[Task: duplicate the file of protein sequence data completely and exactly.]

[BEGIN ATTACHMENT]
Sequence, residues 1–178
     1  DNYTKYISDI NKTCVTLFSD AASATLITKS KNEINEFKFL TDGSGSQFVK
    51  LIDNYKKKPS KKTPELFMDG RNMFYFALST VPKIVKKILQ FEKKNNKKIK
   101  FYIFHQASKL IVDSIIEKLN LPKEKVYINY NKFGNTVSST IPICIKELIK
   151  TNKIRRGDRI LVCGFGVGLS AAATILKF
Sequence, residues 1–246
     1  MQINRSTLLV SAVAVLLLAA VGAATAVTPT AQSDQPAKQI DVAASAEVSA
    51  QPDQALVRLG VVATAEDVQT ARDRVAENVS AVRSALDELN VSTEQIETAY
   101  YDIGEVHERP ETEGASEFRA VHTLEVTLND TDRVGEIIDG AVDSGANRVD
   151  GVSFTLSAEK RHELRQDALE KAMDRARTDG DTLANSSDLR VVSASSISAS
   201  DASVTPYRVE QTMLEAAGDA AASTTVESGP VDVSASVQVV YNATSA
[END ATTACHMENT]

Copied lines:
Sequence, residues 1–178
     1  DNYTKYISDI NKTCVTLFSD AASATLITKS KNEINEFKFL TDGSGSQFVK
    51  LIDNYKKKPS KKTPELFMDG RNMFYFALST VPKIVKKILQ FEKKNNKKIK
   101  FYIFHQASKL IVDSIIEKLN LPKEKVYINY NKFGNTVSST IPICIKELIK
   151  TNKIRRGDRI LVCGFGVGLS AAATILKF
Sequence, residues 1–246
     1  MQINRSTLLV SAVAVLLLAA VGAATAVTPT AQSDQPAKQI DVAASAEVSA
    51  QPDQALVRLG VVATAEDVQT ARDRVAENVS AVRSALDELN VSTEQIETAY
   101  YDIGEVHERP ETEGASEFRA VHTLEVTLND TDRVGEIIDG AVDSGANRVD
   151  GVSFTLSAEK RHELRQDALE KAMDRARTDG DTLANSSDLR VVSASSISAS
   201  DASVTPYRVE QTMLEAAGDA AASTTVESGP VDVSASVQVV YNATSA